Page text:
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Seeking a Job? Sometimes it is Not What You Know but Who You Know

Networking can be a successful component of your career. In fact you are more likely to be hired from an employee referral so investing in time to build a professional network can pay off now or 10 years down the line. How do you get these coveted employee referrals? Here are steps on how to build your network.

Join associations
Join associations that align with your career objectives. Attend regular meetings, introduce yourself, and participate. People get to know you in different ways and get to be comfortable recommending you and think they will enjoy working around you.

Examine LinkedIn profiles and see what groups managers and others are joined in. Test trial before joining these professional associations or going to their events. It is time consuming and you don’t want to waste time running around and not making connections or even enjoying where you are going to. You don’t want to feel like you are in a stuffy business setting but in a pleasant atmosphere. Go to events that you feel will get you the best business network connections. Also go with your gut instinct.

Volunteer and give first
Volunteer with an organization and meet new people and expand your professional network. Find a nonprofit or other organization that you will enjoy and truly believe in.

Utilize your alumni networks
People like to hire their alumni if given a choice. Utilize college resources, attend events, and go to bars and sporting events where alumni are having get togethers on teams’ sporting events.

Develop and practice your elevator pitch
You may feel that you don’t have the time to develop a network due to work, personal like, the kids, and a host of other things but you do have the time. Find shared interests with others like fitness, hobbies, meetups, and networking events. This can lead to new paths and gateways of opportunity.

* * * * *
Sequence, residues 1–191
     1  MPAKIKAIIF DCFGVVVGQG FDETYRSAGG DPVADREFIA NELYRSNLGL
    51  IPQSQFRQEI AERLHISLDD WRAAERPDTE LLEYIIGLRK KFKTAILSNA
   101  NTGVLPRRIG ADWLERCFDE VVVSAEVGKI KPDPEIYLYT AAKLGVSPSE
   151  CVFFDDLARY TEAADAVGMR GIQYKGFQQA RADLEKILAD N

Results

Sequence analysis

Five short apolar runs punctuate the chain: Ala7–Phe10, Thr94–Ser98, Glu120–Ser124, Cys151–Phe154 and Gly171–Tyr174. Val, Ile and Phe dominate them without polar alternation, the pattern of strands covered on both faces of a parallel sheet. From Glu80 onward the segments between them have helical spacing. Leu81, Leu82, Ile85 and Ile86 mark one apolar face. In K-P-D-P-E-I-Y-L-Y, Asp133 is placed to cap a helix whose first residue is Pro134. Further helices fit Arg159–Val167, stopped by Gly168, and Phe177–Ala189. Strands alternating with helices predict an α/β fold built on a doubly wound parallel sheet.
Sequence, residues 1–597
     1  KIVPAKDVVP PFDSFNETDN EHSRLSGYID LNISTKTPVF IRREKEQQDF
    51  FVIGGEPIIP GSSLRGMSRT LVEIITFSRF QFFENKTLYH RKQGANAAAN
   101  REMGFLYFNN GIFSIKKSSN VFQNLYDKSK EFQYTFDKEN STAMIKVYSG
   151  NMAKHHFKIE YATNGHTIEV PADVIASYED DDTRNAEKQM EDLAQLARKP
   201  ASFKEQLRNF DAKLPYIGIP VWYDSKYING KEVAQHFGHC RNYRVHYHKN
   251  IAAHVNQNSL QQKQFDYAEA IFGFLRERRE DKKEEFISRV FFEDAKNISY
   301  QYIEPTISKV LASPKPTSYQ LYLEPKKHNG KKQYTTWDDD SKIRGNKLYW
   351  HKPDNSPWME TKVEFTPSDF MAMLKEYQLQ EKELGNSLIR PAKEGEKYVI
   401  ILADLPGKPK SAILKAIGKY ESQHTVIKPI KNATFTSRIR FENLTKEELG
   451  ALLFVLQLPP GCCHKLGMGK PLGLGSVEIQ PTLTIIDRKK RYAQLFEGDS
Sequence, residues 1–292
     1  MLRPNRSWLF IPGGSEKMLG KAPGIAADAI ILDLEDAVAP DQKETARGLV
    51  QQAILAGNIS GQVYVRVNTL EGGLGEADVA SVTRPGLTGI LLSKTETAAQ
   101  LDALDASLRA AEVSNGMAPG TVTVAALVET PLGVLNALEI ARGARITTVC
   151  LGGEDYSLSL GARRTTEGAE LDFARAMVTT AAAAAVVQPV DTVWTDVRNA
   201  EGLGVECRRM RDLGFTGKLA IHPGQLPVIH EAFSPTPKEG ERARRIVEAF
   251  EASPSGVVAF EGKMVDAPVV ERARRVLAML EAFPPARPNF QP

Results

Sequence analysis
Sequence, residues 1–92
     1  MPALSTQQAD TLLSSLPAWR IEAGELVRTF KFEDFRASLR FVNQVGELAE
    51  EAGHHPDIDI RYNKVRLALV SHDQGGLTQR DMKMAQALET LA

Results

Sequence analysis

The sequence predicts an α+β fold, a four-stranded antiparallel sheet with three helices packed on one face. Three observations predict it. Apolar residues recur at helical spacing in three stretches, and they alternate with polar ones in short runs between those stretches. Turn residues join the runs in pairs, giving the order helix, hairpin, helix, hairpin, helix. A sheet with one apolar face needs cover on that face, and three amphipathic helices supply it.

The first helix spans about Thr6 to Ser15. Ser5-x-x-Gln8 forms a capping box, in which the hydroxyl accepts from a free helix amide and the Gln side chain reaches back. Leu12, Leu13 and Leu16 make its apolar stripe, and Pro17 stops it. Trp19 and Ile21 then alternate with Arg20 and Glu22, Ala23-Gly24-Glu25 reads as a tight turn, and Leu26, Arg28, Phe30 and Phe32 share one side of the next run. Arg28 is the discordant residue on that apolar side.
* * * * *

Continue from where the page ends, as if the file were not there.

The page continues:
You never know who you will meet
Utilize family affairs such as events at church or schools and sporting events to develop opportunities. Meet your family’s friends and colleagues.

Develop contacts
Through family, friends, neighbors, associations, and alumni you can generate leads for jobs. Let people know you are looking for a job. You can take a direct or indirect approach or a formal or informal approach. It depends on the situation and what you sense is the best way to go for each contact. Utilize the phone and contact everyone you know. Use conversation starters, go on job forums, use LinkedIn, and focus on career networking. Get a business card and put yourself out there. Find email networking templates and personalize it. You want a job you can be happy with and not tolerable. You don’t want to waste years of your life going to work and being drained all day because you feel this job is a dead end with your life being wasted.

Start making your connection with a relationship and not a resume. Spark a conversation, focus on the relationship, and be genuine. Get to know the person and make it all about them and if you end up liking the person than you can ask for an opportunity.

The next best thing to an interview offer is to get a referral to the hiring manager.

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